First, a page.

Sorry…didn’t mean to hijack the thread!

      • maggie b. says:

        Lynn M: Oh, I respectfully hope that your interpretation is not what Tolkein would say were he alive to answer the question of who really killed the Witch King. I always loved that Eowyn managed to get around the “no living man may hinder me” issue by “but no living man am I! You look upon a woman. Éowyn I am, Éomund’s daughter.” I get what you are saying – that Merry broke the spell so that the Witch King could be killed and it just so happened to be Eowyn – a woman – who was in a position to be the one to finally kill him. Which maybe means the Witch Kings “no man” protection was really more of a prophesy. Either way, I always felt that Eowyn’s slaying of the Witch King was reward for her unrequited love of Aragorn and the fact that being a woman precluded her from being a true warrior, leaving her feeling trapped and depressed.Sorry…didn’t mean to hijack the thread!

        It is an important part of the discussion, imo, so not hijacking at all. Yes, that “no living man am I” is good but she wasn’t able to kill him because she was a woman but because Merry’s sword had negated the magic. So – no MAN touched him. It was a human female and a hobbit. However, the hobbit sword was set up from book one, which was my point about foreshadowing and authors planning endings in advance. The foreshadowing for Eowyn was far more subtle, imo.

        On a related note, my favorite “no man” quote is from Shakespeare, from MacBeth, when MacBeth says:MACBETH
             Thou losest labor.
        As easy mayst thou the intrenchant air
        With thy keen sword impress as make me bleed.
        Let fall thy blade on vulnerable crests;
        I bear a charmèd life, which must not yield
        To one of woman born.
        and MacDuff answers:

        Despair thy charm,
        And let the angel whom thou still hast served
        Tell thee, Macduff was from his mother’s womb
        Untimely ripped.

        Now who ever saw *that* coming?

        maggie b.

        maggie b.

  8. MarySkl says:

    Well I have been one of the posters in the thick of the debate and I have maintained that the HEA is no more constraining to the writing than required elements of other genres. Most fiction stories have a hero or heroine (they may not be human, but they exist). Most deal with relationships of some sort. Most go through some type of self-actualization, growth or other change within the story and Most have a resolution. I also agree that the genre classification is more for marketing than anything else as many books cross several genres within the same text. Some writers know exactly where they are going when they sit down to write and never deviate from that vision. Other writers have a general idea of what they want to write, but change and edit as they go along building the story as they get to know the characters. The book escapes me now, but I know one Dickens book began with two primary characters, but Dickens fell in love with some secondary characters and expanded their role to fit his greater interest in them. Writers do not always know where they are going.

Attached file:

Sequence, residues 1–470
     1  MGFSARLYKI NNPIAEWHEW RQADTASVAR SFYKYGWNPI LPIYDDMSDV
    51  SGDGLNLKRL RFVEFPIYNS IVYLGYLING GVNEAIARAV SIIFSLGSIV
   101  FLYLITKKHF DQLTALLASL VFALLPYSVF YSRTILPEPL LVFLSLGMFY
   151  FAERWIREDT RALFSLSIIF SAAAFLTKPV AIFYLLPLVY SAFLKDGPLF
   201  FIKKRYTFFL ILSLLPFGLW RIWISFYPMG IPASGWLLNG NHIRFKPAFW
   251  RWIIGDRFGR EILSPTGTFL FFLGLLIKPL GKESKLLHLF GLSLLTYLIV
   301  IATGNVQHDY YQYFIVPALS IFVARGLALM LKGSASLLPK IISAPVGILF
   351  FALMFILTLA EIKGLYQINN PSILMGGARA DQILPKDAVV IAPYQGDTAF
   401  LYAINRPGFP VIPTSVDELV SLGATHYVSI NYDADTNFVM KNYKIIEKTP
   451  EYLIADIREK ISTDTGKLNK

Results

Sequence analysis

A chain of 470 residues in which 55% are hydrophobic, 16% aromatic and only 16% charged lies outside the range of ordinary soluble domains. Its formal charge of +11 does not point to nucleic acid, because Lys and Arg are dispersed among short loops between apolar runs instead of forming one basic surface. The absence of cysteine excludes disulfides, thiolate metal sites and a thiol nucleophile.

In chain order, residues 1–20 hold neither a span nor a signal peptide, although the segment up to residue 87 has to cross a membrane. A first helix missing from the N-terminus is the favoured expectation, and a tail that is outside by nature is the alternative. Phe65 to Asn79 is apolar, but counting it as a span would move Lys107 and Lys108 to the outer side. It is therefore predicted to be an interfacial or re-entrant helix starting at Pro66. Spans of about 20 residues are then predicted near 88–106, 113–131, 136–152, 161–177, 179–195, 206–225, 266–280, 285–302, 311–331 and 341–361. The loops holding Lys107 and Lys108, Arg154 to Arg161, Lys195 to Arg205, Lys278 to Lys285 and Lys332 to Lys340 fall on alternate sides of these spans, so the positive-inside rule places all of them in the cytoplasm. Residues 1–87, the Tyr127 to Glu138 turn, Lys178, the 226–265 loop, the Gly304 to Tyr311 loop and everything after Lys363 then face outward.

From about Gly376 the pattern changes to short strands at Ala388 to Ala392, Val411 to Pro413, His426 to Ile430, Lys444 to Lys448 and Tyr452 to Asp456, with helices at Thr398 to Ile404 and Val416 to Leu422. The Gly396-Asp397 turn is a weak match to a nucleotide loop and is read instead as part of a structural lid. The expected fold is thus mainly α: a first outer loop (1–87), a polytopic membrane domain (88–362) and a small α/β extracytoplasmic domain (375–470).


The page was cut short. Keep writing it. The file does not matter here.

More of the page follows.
Tolkien did not have the entire story of the LOTR in his head when he began. He initially started to write a sequel to the Hobbit with Bilbo looking for another adventure where he might discover more treasure. During that writing he remembered the Ring and started to focus on that. His initial creation of Middle Earth began as something quite different. He was a linguist and began to create languages (Elvish, Orcish, etc.). He also had a profound interest in mythology. As a linguist he understood that languages had a history and he began writing the history to go with the languages he had created. He borrowed heavily from Beowulf in the Hobbit, trying to create a English mythology that combined Anglo-Saxon, Norse and German fairy tales. In other words, his epic LOTR grew out of tangents from his other interests. There was not a string pulled taut in a straight line from the kernel of his idea(s) to the finished product of the LOTRs. He meandered his way there nearly 30 years after finishing the Hobbit.

    I have a very difficult time with absolutes. If things are constraining, I think that most of the time it is because we make them so, not because they have to or should be. A HEA does not have to mean FOREVER. The ending of a book is a snapshot in time and if we each look at our lives in totality, we all have many of those HEAs. The day we graduated from college; the day we got married; the day our first child was born; the day our last child got off the payroll . We also have many trying times throughout our lives: illness, death, financial setbacks, etc. The story of our lives does not really change. Whether the ending is happy or sad just depends on what point in our lives we want to end the story. If we take each and every story to its final iteration, then every story is sad because we all die .